With ‘internal culture and practices’ seen as a critical issue relating to trust and more than 90% of directors surveyed by the AICD stating they were making efforts to improve the corporate culture of their organisation, a practice such as outplacement can play a critical role in building organisational trust ‘from the inside out’.

In fact, making outplacement an internal practice that forms part of your organisational culture can go a long way in building trust at both an internal and external level. Here’s how offering outplacement services can positively impact trust on various stakeholders:

1. Outgoing Employees: Outplacement can increase trust and reduce negative feedback

By showing your willingness to act with fairness and respect, providing outplacement support to departing employees following redundancy or retrenchment helps to protect the relationship between an outgoing staff member and your organisation.

This will help to maintain their trust and confidence in your brand even under difficult circumstances. Aside from minimising any resentment on the employee’s part, this is also beneficial should you wish to recall them in the future as a ‘boomerang’ employee (which is particularly relevant in our COVID-19 era when current cut-backs may be reversed as the economic landscape changes).

2. Existing Employees: Outplacement maintains trust and engagement

For your surviving employees, providing outplacement to departing staff members demonstrates your company’s commitment to upholding its brand values at every stage of the employee lifecycle.

This will help to ensure a positive perception of you as an employer, which will have a knock-on effect on internal trust levels, as well as ensuring surviving employees remain motivated and connected with your brand.

3. External Stakeholders and the General Public: Outplacement protects brand reputation

A study by Career365 found that 95% of people would be “far less inclined” to post adverse comments about their former employer had they been offered an outplacement program.

By providing outplacement support to departing employees, you can help safeguard organisational trust in the wider community by reducing the chance of negative feedback being shared online or via word of mouth from unhappy former employees.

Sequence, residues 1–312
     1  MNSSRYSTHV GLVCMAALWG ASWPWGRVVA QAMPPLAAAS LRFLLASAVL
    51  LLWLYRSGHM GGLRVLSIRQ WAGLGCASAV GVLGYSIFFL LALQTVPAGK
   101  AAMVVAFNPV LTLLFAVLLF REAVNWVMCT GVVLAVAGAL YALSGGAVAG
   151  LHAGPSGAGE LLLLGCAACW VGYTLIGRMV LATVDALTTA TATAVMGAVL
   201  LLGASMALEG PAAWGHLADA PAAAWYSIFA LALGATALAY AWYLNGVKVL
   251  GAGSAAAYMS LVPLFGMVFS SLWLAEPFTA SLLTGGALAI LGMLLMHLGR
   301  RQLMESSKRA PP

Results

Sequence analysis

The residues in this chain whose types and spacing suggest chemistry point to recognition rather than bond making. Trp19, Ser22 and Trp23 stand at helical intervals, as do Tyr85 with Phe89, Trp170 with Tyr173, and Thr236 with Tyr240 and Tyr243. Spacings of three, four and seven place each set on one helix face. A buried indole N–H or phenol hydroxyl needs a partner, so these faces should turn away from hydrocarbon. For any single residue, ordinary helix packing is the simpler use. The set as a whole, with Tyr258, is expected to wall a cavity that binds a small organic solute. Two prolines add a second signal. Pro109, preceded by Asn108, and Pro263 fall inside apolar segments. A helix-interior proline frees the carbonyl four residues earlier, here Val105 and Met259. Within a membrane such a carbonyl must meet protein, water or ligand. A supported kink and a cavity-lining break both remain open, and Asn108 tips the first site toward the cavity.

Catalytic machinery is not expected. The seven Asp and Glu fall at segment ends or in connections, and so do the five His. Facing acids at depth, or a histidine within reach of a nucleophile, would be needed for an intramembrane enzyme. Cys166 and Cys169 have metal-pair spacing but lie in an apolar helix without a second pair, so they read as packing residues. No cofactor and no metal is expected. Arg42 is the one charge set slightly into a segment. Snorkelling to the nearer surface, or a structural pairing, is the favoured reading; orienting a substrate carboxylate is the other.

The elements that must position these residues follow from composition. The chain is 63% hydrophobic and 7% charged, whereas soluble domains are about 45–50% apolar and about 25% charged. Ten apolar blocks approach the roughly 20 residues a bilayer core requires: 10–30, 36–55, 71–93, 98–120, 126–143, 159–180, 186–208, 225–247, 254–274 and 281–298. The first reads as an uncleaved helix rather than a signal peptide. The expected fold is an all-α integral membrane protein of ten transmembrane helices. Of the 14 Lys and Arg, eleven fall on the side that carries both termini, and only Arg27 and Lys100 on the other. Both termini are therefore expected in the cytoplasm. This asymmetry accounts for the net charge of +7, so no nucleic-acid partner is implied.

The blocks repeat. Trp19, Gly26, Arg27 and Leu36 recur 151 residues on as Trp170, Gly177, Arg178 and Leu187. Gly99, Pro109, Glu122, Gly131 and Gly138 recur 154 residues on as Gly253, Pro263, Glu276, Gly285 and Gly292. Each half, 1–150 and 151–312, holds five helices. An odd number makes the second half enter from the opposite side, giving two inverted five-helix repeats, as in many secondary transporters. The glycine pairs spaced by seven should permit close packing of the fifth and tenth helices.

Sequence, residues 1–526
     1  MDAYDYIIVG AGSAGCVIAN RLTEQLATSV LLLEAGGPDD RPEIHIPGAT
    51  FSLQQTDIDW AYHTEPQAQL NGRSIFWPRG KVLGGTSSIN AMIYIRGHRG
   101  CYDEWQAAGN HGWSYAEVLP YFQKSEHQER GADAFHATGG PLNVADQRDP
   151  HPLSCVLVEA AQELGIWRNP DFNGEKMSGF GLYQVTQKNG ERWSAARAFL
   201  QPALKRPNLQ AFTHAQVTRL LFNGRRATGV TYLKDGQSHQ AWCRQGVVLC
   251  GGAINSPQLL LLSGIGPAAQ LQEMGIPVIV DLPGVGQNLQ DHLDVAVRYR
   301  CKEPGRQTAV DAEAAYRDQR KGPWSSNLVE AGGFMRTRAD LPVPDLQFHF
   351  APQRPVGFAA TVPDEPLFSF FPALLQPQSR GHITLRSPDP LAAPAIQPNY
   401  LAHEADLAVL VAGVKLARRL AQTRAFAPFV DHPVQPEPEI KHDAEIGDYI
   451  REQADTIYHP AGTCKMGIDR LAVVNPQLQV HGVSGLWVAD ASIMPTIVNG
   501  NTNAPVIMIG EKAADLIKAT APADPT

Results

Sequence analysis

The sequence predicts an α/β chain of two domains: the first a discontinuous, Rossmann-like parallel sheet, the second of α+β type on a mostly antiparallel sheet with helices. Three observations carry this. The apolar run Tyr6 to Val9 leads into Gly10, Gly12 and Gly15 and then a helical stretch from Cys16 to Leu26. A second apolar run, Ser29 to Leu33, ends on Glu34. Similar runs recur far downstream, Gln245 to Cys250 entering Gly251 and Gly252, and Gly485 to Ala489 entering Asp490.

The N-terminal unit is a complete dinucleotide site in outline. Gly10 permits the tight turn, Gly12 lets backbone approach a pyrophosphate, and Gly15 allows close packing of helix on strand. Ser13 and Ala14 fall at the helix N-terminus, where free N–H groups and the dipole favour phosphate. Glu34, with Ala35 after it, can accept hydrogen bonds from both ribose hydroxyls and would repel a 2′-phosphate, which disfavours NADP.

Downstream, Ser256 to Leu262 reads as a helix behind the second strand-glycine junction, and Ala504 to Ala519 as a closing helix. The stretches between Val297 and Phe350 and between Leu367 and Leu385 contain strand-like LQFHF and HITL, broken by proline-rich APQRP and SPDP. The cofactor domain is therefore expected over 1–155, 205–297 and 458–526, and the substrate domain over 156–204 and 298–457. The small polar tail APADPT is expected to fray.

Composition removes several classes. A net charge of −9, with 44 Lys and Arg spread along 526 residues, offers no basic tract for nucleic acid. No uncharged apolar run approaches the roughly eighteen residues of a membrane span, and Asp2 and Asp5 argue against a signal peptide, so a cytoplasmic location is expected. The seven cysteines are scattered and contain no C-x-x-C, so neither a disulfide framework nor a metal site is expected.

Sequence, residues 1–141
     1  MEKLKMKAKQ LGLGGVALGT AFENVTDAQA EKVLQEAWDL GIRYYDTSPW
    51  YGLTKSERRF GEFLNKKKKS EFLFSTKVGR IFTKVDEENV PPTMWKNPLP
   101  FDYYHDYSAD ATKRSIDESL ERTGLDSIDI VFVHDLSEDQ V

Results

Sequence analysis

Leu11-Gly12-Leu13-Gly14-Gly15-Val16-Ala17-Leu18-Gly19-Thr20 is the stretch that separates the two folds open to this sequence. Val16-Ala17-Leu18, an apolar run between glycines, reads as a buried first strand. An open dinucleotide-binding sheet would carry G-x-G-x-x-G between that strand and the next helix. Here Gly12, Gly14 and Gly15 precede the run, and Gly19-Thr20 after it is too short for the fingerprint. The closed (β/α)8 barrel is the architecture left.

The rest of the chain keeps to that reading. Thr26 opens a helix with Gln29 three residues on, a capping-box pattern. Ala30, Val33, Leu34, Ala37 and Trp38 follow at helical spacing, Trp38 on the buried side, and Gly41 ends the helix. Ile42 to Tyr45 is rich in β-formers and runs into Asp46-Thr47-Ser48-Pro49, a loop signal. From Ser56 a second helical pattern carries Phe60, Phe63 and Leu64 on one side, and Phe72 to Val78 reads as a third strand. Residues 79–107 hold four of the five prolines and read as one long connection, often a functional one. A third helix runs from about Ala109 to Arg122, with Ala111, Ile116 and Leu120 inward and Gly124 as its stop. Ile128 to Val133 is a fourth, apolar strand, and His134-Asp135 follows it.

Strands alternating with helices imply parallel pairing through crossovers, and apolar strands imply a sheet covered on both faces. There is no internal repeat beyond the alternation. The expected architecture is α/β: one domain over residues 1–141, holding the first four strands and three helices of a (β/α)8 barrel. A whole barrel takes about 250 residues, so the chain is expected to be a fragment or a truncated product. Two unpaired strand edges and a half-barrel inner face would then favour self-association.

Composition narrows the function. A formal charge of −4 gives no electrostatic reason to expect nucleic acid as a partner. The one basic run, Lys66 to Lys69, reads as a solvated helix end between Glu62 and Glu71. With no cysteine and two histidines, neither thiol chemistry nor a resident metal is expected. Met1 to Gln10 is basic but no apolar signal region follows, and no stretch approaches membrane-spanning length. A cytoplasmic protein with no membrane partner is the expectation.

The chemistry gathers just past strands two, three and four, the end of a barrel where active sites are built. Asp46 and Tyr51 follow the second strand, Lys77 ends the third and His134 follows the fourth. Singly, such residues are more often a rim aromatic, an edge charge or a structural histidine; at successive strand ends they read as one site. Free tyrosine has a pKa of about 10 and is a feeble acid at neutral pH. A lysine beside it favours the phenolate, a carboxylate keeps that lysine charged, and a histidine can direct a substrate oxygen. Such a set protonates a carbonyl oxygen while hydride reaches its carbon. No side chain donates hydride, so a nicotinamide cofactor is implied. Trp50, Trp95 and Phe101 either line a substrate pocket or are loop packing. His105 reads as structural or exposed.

Career365’s affordable online outplacement programs – delivered via online training modules and video-based coaching – coupled with video conferencing via Zoom, Teams or Skype can be accessed from any location, at any time, on any device, making them ideal for a COVID-19 environment.

If you need support or advice on outplacement services for retrenched employees in the wake of the COVID-19 pandemic, visit www.career365.com.au to find out more about our fully online outplacement programs.

Greg Weiss has authored two books about career transitioning and is soon to release a third. He has deep expertise in outplacement and employee onboarding, and is the Founder of Career365 (formerly CareerSupport365) – a leading Australian employee transitioning firm, specialising in outplacement and employee onboarding.

How Outplacement Can Minimise the Risk of Reputational Damage

With the inevitable cut-backs arising from the impact of COVID-19 on the global economy, many organisations have no choice but to reduce their staff numbers. Whether it’s a case of retrenchment or redundancy, providing outplacement services to outgoing employees helps to ensure they receive the support they need in these challenging times.

However, outplacement programs can also offer significant benefits to employers – one of which is the reduced risk of reputational damage to their employer brand. Maintaining a positive brand reputation should be an important consideration for any company – according to research conducted by LinkedIn, 60% of professionals aged 40 and under associate employer branding with job consideration.